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Case cleaning/polishing

Posted: Thu Sep 01, 2011 7:51 pm
by Jack D
I know most use a vibrator or tumbler to clean cases. I hate to spend money for a machine when I think I should be able to make one cheaper than buying one. I haven't settled on a design yet but had a bunch of very dirty brass. I finished loading a 50 round box with black brass and decided to clean up the loaded rounds. I have a Lee spinner/shell holder for drill motor use and thought about spinning with fine steel wool.

Then I remembered a can of Brasso (actually a different brand, but the same stuff) in one of my dresser drawers. It is over 30 years old and I wondered if it was any good. To my surprise it is like new. I wiped the head end of the cartridge with a piece of Brasso and it cleaned up beautifully with only a few twists. Then I chucked up the cartridge in the drill motor (variable speed) and turning it slowly I applied the Brasso wad to the case. It immediately started to shine after only a few turns. Wiping with a soft cloth and it shined better than new. It took me about 30 seconds/cartridge to make them look like new.

That might seem like a long time to make cartridges shine. but the results gave me a certain satisfaction. Not sure why. They won't shoot any better, I'm sure.

Does anyone else polish their brass to a high gloss?

Is there any harm using a product like Brasso?

Posted: Fri Sep 02, 2011 9:38 am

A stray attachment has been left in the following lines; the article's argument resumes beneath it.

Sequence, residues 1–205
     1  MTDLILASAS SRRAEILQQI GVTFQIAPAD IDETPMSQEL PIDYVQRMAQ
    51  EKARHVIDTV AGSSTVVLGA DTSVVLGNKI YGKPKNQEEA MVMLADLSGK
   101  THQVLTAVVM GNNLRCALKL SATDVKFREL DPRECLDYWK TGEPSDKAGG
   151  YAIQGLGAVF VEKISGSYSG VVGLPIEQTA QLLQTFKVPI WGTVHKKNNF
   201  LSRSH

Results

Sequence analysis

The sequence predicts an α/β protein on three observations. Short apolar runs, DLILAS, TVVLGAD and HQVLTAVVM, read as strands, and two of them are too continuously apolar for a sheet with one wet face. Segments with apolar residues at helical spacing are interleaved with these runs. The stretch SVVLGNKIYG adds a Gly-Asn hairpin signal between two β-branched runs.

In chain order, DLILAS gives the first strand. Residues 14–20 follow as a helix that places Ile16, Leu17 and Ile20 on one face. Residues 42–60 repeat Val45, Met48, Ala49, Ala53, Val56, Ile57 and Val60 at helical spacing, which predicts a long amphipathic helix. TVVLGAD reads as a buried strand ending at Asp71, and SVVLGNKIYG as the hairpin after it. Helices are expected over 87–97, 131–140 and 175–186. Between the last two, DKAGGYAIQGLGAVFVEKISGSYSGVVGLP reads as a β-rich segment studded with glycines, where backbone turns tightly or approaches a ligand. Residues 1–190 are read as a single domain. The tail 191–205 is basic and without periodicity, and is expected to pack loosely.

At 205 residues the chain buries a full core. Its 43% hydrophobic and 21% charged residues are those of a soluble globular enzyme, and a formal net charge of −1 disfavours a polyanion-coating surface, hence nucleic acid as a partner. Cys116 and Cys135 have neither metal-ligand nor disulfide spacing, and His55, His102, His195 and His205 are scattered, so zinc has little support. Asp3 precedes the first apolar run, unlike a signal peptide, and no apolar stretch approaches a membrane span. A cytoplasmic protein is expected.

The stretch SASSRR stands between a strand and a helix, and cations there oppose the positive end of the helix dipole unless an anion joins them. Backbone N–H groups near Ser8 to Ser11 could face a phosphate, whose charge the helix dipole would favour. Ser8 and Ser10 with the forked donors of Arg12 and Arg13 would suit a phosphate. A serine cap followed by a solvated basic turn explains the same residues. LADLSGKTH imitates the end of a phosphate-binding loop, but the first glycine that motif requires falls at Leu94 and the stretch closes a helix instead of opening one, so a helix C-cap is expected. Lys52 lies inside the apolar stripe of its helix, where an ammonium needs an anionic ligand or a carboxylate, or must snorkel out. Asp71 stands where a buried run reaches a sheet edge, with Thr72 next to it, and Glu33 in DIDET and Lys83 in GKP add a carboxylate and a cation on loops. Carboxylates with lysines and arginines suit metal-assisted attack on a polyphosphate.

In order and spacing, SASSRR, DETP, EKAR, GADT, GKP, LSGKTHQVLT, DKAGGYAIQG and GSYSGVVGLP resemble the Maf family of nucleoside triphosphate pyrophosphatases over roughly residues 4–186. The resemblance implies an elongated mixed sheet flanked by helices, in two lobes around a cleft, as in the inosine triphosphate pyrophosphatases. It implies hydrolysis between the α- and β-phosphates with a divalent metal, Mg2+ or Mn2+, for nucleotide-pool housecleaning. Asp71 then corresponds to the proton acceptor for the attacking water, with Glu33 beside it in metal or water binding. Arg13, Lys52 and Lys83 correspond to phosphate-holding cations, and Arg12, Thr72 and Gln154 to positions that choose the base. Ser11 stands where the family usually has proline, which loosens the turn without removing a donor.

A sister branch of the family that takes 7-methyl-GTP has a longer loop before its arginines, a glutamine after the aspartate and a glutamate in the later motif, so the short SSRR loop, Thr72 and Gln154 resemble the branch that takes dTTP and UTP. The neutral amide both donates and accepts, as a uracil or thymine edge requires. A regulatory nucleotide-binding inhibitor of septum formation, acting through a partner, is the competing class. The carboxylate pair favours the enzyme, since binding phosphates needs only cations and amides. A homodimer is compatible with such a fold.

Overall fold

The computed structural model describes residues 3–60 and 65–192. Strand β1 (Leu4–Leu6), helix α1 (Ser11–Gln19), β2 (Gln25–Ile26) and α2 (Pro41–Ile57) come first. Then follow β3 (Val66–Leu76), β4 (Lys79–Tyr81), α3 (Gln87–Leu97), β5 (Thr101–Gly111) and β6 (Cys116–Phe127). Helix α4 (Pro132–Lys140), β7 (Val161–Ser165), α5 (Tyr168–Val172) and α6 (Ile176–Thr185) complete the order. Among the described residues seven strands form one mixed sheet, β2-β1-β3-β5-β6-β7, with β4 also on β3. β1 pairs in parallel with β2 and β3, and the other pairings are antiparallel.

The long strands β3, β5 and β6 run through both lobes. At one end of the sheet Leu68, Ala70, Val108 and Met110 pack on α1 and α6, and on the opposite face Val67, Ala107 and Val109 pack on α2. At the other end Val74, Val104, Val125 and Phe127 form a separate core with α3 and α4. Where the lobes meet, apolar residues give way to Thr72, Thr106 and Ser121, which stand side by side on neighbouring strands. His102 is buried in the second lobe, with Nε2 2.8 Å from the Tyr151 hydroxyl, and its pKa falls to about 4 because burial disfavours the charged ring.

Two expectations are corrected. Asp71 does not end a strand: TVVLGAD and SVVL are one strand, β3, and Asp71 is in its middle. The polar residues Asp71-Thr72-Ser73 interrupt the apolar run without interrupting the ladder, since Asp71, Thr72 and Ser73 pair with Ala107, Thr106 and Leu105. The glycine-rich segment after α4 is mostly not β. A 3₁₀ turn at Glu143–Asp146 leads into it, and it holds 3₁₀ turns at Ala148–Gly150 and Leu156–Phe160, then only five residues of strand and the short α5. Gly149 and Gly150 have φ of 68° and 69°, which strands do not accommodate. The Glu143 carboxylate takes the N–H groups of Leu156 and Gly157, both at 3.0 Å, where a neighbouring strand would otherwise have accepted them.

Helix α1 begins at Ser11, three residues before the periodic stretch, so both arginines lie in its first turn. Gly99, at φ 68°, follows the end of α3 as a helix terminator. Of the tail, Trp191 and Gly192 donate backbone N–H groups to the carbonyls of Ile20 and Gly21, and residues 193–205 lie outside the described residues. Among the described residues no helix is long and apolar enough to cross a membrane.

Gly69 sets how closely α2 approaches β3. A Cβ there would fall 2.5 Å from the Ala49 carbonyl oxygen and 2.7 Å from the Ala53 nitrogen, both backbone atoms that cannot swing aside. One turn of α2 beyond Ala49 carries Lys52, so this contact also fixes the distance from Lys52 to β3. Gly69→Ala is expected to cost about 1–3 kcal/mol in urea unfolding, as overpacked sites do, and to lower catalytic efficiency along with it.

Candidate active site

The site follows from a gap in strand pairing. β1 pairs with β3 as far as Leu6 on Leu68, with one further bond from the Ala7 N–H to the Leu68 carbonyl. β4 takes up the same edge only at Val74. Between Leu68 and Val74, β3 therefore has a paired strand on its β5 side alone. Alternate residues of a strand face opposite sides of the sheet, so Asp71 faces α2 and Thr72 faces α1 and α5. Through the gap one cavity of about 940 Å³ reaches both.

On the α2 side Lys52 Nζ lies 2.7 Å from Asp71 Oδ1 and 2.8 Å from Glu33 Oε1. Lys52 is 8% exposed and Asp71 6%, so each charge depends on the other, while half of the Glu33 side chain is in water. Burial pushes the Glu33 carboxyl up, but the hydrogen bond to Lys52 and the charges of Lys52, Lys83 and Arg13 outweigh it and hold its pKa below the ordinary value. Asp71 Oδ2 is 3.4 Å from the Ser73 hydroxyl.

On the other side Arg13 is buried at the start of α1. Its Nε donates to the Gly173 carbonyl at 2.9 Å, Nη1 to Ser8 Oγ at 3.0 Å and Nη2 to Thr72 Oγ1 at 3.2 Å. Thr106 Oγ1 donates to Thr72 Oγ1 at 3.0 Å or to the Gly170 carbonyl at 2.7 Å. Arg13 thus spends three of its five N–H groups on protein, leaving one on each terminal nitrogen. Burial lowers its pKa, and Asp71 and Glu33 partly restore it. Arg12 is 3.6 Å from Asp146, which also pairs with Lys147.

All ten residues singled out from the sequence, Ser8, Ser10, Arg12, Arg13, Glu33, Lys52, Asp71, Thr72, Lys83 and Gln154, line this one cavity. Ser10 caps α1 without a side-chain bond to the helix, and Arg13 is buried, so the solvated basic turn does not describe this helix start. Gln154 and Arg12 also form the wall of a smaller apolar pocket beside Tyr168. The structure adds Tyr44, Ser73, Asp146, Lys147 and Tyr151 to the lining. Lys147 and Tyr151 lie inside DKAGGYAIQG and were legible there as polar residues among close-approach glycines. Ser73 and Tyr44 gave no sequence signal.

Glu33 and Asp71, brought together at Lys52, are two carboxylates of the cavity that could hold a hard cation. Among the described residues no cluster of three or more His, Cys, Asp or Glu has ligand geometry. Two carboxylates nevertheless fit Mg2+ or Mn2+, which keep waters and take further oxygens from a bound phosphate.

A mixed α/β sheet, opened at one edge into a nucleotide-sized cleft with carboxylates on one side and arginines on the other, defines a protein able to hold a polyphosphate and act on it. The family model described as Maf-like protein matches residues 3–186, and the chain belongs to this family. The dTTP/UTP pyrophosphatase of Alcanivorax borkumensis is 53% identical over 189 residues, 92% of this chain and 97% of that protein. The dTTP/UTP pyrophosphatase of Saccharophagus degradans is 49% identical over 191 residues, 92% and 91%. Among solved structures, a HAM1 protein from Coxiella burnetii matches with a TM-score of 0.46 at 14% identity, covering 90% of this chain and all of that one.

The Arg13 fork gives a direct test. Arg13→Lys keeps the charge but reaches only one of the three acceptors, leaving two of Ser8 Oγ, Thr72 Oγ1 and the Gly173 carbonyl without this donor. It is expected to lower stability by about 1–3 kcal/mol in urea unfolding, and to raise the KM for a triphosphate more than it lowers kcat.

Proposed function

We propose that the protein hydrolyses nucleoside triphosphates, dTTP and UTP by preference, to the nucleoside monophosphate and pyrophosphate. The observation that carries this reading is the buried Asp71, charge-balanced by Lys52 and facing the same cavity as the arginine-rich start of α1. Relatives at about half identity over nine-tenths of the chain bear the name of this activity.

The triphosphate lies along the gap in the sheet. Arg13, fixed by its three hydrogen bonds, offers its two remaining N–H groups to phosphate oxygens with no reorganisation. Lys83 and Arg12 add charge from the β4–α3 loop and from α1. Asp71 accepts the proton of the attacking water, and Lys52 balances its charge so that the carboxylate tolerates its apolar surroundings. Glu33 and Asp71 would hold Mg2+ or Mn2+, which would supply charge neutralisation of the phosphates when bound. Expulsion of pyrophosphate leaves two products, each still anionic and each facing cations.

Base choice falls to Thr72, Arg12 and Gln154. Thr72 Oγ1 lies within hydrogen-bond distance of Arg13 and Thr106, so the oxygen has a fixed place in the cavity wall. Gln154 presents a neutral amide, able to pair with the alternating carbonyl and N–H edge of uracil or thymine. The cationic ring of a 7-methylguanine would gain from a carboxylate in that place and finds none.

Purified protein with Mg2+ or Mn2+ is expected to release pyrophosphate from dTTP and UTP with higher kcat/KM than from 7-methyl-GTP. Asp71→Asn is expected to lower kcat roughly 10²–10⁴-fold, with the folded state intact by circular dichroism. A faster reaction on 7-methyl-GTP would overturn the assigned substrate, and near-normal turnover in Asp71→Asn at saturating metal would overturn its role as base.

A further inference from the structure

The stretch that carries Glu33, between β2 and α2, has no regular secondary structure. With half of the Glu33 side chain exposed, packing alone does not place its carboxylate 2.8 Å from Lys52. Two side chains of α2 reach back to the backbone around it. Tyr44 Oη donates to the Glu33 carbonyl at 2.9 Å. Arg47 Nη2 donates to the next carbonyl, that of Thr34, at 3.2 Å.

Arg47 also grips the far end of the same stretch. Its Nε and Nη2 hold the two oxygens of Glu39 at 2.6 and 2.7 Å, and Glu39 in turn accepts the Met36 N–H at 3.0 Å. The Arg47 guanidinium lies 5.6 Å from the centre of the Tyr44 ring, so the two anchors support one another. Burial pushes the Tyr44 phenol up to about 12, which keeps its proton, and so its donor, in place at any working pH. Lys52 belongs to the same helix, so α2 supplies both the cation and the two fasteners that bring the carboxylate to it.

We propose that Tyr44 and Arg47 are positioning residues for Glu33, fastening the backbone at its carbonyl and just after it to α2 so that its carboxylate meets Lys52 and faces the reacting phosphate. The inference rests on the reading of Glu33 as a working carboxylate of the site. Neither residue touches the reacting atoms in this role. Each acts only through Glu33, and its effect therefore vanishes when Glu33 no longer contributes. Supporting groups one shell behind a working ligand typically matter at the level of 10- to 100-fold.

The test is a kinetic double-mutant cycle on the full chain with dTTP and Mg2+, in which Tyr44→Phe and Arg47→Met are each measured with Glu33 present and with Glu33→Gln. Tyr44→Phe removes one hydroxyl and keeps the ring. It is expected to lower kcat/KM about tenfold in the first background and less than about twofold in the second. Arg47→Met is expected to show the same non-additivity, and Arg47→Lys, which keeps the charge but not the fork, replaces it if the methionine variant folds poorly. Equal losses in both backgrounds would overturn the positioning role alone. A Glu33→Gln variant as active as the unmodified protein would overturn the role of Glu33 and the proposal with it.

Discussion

by blue68f100
When I first saw the title I was thinking you made a tumbler out of and old drier. I have read several places where this has been done due to the volume they needed to clean.

As long as there is no ammonia in the brasso you will be fine. The ammonia causes inner granular corrosion and will cause the brass to crack.

There is a home made mix you can do a chemical clean if you decide to do a large batch. I do not do the chemical clean because I hate having to deprime before reloading and the drying process.

Years ago I use to only by Ni coated pistol brass because all I needed to do was wipe them down. Back then I only had revolvers, no automatics. Now that I have an AP press, I broke down and got a tumbler to clean the brass. It want clean some of the black stain that gets on the brass over time though. I use a 20/40 grit corncob with NuFinsh car polish added to the mix. With the dryer sheets collecting dust. I think if you get the right dose of car of polish the brass does not tarnish anywhere near as fast. I try not to handle my brass with my bare hands once I have it cleaned. With the brass feeder on my LNL I just dump and start loading. Now some use crushed walnut shells and a mix of walnut shells and corncob. The walnut shells is more abrasive and cleans better but lives a dull finish the reason they add corncob to the mix.

Now the new thing is SS media in a soap solution. They use the drum tumbler used for rocks. Now this setup comes out brighter and cleaner inside and out. Again you need to deprime when you using a liquid cleaner to keep from trapping the solution. Using the SS media allows you to reuse it, it never where outs.

Posted: Fri Sep 02, 2011 12:40 pm